On November 24th, millions of Americans tucked in to what the British people might consider to be shabby rendition of their infamous Christmas lunch.
Thanksgiving Day traditionally kicks off the American “holiday season.” Wrapped up with Halloween and Yuletide festivities, many Americans consider “Turkey Day” to be as important as Christmas itself.
In fact, more people in the United States celebrate the secular holiday than Christmas. In a holiday with an immense divide and variation between church and state, it is accessible for all.
Thanksgiving Day can originally be traced back to 1621. At the Plymouth Plantation, religious refugees from England (the Pilgrims), invited local Native America to a harvest feast after an abundant growing season. The Wampanoag tribe taught the Pilgrims how to maximize the fertile soils of the New World, sharing knowledge on how to grow corn, beans and squash (the Three Sisters) and also how to catch fish and seafood.
Ironically, according to historical accounts, turkey was never recorded on the menu. Instead, the three-day feast included goose, lobster, cod and deer.
Contemporary Thanksgiving dishes are similar to a British Christmas Lunch, omitting “pigs in blanket,” parsnips, sprouts, strange fruity puddings lit on fire and, quite frankly, the excessive lashings of heavy booze.
Stuffing, pecan pies, pumpkin pies, white gravy (??), sweet potatoes smothered in maple syrup, sweet cranberry sauce and corn bread are elements of this Americanized cuisine. Tater-tots, casseroles and, warm “biscuits” (what we might consider to be savoury scones) can also feature.
What about us?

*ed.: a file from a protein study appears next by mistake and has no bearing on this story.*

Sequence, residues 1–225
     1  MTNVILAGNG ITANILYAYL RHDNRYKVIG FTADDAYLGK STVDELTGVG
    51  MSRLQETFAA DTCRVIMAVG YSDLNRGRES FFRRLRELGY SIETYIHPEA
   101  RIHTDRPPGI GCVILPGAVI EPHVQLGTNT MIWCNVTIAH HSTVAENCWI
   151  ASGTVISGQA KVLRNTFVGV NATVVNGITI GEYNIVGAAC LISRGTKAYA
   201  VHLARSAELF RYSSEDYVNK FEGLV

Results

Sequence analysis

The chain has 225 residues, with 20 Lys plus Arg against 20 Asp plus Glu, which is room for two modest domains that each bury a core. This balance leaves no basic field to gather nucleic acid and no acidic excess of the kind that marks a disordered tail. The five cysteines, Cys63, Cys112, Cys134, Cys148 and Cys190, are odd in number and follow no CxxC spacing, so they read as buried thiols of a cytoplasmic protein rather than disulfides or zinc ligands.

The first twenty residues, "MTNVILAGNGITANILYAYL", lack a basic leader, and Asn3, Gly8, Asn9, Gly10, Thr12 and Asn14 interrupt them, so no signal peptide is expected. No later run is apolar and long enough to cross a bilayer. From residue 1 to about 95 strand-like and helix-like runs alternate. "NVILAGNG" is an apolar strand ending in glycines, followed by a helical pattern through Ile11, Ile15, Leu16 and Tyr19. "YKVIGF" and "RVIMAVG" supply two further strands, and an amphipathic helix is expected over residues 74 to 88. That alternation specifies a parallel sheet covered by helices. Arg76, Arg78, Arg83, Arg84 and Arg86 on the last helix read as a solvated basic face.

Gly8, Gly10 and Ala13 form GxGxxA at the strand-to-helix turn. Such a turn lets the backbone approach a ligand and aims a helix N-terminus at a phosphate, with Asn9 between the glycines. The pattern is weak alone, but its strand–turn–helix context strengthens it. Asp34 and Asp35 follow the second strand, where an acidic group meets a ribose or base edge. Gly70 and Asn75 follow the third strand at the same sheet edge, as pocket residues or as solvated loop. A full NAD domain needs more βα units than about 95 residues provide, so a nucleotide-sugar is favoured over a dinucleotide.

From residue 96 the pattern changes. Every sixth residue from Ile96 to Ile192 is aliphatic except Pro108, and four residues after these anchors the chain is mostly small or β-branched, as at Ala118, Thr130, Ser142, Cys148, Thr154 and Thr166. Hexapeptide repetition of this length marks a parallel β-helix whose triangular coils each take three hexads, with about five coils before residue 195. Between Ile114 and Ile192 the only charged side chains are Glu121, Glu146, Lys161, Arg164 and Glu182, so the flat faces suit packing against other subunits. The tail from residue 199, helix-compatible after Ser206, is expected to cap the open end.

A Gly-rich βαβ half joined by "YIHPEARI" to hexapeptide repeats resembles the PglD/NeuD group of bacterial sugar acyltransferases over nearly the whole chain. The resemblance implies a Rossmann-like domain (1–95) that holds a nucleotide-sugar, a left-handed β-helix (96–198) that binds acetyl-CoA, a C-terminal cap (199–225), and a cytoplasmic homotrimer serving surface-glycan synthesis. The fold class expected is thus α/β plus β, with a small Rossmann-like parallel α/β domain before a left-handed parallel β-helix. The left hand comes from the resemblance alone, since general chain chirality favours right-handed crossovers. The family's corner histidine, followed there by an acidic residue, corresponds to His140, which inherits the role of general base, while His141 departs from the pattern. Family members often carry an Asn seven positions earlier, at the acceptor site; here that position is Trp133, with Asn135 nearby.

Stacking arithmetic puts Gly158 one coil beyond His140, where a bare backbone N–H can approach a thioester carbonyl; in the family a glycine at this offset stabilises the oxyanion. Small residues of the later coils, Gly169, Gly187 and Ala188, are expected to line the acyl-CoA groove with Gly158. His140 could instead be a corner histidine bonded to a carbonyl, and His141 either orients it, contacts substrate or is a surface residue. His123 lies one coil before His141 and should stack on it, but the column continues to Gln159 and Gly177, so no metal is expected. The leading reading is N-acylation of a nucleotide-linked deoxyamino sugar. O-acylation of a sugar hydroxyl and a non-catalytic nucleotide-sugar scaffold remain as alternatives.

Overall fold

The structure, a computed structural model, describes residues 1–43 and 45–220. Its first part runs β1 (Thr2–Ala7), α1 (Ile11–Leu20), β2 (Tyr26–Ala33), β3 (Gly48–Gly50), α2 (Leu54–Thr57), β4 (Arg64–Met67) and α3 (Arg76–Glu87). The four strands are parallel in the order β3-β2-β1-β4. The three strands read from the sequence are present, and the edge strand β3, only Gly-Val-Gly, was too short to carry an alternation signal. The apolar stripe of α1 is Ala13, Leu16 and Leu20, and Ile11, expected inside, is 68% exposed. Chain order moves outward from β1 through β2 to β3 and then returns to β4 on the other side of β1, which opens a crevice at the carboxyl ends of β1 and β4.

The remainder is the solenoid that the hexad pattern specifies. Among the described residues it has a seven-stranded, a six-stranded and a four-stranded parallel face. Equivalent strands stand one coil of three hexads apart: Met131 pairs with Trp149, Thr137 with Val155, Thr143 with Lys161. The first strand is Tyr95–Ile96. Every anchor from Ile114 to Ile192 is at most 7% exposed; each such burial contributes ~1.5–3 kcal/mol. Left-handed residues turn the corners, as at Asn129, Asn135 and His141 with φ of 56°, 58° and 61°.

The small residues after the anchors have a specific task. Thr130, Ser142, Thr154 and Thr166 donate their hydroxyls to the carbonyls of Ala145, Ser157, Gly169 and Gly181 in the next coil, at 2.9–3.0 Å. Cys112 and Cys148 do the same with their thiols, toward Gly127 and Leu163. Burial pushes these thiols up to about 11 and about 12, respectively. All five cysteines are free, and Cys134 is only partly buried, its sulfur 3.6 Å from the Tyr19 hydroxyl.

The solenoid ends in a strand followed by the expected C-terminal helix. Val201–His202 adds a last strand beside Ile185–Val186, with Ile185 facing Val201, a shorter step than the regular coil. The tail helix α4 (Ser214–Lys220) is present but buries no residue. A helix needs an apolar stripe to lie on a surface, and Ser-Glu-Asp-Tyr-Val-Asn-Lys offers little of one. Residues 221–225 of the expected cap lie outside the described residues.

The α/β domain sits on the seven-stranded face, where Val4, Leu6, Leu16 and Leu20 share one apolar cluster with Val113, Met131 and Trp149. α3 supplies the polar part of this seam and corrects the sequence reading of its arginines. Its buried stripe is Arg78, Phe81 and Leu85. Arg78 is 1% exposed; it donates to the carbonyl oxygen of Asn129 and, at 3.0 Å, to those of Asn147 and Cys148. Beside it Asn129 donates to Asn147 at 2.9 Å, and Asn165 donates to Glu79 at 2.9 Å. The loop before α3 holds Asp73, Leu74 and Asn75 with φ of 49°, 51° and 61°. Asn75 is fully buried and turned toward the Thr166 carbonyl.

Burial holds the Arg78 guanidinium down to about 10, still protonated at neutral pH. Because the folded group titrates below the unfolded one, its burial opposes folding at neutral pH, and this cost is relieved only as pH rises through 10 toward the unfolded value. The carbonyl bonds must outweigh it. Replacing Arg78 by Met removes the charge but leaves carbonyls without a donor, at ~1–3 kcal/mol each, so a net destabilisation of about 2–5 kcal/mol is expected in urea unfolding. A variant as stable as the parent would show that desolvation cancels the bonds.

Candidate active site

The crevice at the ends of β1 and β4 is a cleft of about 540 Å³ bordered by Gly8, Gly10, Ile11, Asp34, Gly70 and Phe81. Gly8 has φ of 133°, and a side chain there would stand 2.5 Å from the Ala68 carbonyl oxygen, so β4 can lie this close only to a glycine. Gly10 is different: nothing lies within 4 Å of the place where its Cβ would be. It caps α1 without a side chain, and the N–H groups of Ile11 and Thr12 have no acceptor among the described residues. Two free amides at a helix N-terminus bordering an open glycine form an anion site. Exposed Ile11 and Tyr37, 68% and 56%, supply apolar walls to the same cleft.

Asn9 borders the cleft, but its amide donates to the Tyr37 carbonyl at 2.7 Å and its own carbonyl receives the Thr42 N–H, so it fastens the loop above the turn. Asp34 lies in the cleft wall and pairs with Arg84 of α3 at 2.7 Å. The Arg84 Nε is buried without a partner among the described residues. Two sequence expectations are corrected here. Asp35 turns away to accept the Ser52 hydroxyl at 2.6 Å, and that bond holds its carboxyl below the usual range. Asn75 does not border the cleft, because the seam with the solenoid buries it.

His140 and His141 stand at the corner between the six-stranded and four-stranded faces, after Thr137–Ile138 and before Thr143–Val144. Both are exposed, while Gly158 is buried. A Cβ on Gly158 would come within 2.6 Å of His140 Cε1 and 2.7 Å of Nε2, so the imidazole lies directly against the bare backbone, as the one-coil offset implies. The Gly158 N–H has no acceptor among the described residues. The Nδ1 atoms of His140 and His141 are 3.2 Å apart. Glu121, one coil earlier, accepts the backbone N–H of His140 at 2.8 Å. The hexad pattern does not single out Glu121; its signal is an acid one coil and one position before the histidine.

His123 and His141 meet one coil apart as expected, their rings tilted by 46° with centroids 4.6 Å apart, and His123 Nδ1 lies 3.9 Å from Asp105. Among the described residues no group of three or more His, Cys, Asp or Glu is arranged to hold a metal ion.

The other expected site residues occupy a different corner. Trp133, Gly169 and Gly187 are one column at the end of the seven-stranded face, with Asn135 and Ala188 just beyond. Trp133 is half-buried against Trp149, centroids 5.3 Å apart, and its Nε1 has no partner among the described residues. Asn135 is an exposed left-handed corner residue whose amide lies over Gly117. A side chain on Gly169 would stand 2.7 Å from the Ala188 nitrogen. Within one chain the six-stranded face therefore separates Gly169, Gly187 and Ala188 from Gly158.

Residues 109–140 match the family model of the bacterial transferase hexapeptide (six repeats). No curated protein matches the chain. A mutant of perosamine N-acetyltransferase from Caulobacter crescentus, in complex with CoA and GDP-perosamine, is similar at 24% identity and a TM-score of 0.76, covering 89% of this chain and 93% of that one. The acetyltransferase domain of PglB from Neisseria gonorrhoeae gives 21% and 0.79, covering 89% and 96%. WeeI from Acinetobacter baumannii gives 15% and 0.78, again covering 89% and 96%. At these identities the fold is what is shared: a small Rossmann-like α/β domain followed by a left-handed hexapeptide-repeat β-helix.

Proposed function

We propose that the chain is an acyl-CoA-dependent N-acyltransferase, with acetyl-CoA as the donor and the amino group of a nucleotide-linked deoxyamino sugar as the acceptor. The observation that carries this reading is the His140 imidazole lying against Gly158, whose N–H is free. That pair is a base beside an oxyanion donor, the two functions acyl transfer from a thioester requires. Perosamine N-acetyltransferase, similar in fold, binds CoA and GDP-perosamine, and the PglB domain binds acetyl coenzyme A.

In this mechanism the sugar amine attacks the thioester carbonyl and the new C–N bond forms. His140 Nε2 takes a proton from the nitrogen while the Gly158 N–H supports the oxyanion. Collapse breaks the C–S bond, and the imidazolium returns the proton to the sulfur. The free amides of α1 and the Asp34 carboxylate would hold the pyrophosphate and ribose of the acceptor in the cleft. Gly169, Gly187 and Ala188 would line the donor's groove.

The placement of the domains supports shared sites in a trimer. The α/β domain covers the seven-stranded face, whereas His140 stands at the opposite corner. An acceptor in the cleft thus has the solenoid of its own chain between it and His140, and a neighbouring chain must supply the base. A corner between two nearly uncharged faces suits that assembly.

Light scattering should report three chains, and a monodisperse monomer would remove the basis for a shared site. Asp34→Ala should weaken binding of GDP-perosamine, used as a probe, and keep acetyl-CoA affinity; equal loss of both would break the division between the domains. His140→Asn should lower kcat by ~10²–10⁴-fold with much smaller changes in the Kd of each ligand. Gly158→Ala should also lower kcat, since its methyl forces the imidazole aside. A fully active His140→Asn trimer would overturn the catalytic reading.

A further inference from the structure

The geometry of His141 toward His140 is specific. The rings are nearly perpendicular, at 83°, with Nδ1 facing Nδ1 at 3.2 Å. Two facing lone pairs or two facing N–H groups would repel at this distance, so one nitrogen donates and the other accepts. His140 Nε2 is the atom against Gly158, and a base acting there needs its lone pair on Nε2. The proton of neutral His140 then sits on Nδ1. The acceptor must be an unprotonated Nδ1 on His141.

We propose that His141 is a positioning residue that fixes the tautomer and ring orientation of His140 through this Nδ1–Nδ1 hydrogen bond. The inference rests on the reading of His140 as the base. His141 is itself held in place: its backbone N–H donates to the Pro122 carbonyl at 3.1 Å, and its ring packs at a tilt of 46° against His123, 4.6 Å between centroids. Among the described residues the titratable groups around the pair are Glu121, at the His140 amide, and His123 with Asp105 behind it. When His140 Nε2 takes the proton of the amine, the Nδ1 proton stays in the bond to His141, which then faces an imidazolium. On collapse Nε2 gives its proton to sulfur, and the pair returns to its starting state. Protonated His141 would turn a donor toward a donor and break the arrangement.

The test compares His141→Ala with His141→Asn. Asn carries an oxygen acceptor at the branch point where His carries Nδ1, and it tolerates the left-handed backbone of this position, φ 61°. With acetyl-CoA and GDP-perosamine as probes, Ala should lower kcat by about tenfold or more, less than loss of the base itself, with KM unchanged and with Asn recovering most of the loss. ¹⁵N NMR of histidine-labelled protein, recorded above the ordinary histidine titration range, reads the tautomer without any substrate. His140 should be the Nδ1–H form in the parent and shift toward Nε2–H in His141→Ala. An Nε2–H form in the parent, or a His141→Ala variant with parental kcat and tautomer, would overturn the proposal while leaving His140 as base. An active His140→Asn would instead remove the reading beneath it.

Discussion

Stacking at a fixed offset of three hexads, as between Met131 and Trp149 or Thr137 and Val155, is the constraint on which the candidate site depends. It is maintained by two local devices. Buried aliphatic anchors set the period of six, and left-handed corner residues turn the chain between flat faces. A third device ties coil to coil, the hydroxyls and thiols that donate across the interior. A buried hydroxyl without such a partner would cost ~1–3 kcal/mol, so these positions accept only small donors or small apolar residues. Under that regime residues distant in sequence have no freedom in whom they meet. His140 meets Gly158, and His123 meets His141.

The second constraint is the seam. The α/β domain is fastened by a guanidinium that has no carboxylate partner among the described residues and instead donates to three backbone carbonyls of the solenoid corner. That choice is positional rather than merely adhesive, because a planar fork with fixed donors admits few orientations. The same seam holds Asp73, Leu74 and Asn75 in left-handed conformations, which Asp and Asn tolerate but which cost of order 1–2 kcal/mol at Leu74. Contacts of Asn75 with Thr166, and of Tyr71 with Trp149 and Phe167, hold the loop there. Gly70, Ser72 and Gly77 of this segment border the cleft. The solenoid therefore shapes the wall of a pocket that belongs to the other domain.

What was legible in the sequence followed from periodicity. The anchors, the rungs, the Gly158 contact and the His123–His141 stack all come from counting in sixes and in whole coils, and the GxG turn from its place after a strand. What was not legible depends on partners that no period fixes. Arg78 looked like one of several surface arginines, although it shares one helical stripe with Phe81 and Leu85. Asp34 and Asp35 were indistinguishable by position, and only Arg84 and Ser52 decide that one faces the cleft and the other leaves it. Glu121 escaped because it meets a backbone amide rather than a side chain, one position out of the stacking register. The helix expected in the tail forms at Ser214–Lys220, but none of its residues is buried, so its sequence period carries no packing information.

Let’s be honest. We don’t really care about Thanksgiving. Apart from the odd “Friends” special, it falls on the long list of American things we neither understand nor care about.
While the more philanthropic individuals might take some non-perishable canned goods to the local parish, or even do the odd pumpkin home-bake, Thanksgiving is definitely not the plentiful, extravagant, belt-loosening affair that it is in the United States.
However, as a small island that loves an excuse to stuff it’s face with rich meats and alcohol, we have re-translated this holiday in a number of different ways. While we may not give a toss about The Pilgrims (they left us after all), we do like a rowdy dinner party. So, here are some ways you can celebrate Thanksgiving, the British way.
Christmas is stressful, for everyone involved. Presents, strange rituals and family reunions are some of the more sweat-inducing elements of this time of year. Friendsgiving is the opportunity to have a low-key, pre-Christmas celebration with your friend, most likely involving poorer quality food (Indian takeaway) and cheap wine. However, if you want to be even more lazy, go to the pub and make a sarcastic event on Facebook.
2. Turkey Trot
Fitness fanatic? Meat sweats? What better way to assume superiority over others than running while they’re gorging? Sign up to a local run with friends and dress like a Turkey/Pilgrim/Native American.
3. Stop Being Bitter
Americans, notoriously, don’t understand (nor particularly appreciate) British cynicism. Time to ditch the stiff upper lip and take one day off from heavy sarcasm. Our natural instinct to mock Thanksgiving and use dry humour to control a situation ought to be put aside. Instead, adopt an American sincerity and “softness”, you might find yourself to be a walking, talking, smiling spirit of Thanksgiving Day.